Economy

Business calls for UK to delay new OECD corporate tax rules

UK business groups have urged the government to pause plans to introduce a new internationally agreed corporate tax or risk burdening companies with “impossible” reporting deadlines.

Chancellor Jeremy Hunt confirmed in the Autumn Statement this month that a 15 per cent effective minimum tax rate for all subsidiaries of large UK multinationals will be included in the spring finance bill and enacted from the end of 2023.

The proposed minimum business levy is part of an agreement signed by 136 countries last October, which was co-ordinated by the OECD, a club of mostly rich nations, and hailed as the most important tax reform in more than a century.

The policy is designed to stamp out profit shifting and corporate tax havens but its implementation has been delayed and no country has yet enshrined the policy in law.

The government estimated that the tax will raise £2.3bn a year for the Treasury by 2027-28. However, the Office for Budget Responsibility, the UK fiscal watchdog, qualified the estimate as “highly uncertain” and “difficult to model”.

Business groups have warned that the current timeline leaves companies with insufficient time to prepare for the policy change, while the finer details of the rules still need to be clarified by the OECD.

Making the tax calculation is a “big challenge” that would require large multinationals to collect data from all of their subsidiaries and make a new tax calculation, the groups said.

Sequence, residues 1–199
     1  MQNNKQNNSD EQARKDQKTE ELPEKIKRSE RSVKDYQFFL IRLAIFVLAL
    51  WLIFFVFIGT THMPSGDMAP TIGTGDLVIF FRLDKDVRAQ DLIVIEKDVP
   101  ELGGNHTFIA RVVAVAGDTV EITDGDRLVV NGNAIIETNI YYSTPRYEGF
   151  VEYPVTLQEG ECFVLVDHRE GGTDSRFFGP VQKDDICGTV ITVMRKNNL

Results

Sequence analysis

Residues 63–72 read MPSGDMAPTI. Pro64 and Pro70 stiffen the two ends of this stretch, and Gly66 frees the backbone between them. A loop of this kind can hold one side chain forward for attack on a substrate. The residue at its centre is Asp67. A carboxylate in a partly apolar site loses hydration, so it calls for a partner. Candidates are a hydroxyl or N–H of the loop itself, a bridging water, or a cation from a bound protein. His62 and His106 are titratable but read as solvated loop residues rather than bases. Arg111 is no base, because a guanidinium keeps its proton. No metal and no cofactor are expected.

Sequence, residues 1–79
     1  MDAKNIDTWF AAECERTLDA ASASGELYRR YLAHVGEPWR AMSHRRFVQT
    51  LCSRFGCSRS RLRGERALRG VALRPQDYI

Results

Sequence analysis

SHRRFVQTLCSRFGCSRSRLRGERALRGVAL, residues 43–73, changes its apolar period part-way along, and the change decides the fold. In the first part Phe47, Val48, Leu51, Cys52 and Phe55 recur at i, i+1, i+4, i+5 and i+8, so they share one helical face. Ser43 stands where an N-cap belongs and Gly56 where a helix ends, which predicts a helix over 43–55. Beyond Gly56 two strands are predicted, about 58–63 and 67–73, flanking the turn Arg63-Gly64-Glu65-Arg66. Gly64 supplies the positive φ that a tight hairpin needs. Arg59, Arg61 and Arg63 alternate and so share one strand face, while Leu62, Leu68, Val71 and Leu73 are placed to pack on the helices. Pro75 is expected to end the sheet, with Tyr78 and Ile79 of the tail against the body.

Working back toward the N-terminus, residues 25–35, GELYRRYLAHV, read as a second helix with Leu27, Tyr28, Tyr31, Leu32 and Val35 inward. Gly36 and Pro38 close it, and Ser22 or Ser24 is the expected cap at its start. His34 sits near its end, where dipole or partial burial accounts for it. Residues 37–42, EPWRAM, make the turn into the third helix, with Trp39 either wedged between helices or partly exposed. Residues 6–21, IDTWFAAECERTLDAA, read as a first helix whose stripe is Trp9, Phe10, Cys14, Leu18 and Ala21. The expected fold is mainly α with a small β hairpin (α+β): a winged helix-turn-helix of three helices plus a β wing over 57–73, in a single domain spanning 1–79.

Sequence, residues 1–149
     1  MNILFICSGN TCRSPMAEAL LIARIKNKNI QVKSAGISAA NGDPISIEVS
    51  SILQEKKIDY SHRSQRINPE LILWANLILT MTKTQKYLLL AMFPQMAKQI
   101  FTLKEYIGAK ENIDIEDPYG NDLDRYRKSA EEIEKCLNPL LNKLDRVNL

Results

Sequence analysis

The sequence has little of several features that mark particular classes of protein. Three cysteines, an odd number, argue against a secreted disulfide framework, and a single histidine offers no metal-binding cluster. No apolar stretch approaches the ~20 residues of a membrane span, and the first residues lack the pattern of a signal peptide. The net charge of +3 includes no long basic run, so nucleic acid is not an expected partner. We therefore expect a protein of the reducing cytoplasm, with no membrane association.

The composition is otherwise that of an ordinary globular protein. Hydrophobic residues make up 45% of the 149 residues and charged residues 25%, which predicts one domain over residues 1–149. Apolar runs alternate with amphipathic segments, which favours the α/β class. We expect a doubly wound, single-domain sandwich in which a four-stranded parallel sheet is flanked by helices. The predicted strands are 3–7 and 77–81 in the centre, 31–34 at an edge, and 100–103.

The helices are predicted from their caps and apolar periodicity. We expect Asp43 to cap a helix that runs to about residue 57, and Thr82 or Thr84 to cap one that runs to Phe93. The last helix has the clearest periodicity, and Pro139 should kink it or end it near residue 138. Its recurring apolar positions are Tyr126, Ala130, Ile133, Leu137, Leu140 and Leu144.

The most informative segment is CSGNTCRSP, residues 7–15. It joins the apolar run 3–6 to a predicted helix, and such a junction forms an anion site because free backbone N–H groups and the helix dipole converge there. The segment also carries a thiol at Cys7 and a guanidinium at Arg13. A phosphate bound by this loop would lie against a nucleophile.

“For affected businesses, this could trigger accounting, audit and public reporting requirements that are impossible to meet because the OECD has not finished negotiating the deal,” said the CBI, the UK’s leading business group.

“There is an easy fix for this: the legislation should be separated from the spring finance bill 2023 and only enacted once the deal is agreed, and the accounting requirements are clear,” it added.

The spring finance bill enables the government to enact tax plans and other income-raising proposals for the year. The OECD is due to respond to concerns about the minimum tax rules, with updated guidance to be published in December and again next year.

Once the tax becomes law in the UK, even if not enacted, companies with annual revenues of more than €750mn will be required to factor the new tax into their accounts.

“It is very hard [for businesses] to prepare for implementation by the end of next year,” said Mervyn Skeet, head of taxation at the Association of British Insurers, an industry body.

Skeet said that Britain “should not run ahead of everyone else” but wait until the OECD publishes more guidance.

A new minimum corporate tax in the US does not comply with the OECD’s rules, and a directive in the EU is currently blocked by Hungary. Five European states have vowed to introduce the tax even if Budapest continues to block progress.

As well as the UK, Korea, the Netherlands and Switzerland have produced draft legislation. Seven more countries have launched consultations on the rules.

UK Finance, which represents banks and finance companies, said: “The legislation should only come into force in the UK at the same time as other signatory jurisdictions to maintain UK competitiveness.”

Grant Wardell-Johnson, global tax policy leader at KPMG, estimated that around 280 to 300 British companies will be required to report under the Pillar Two rules.

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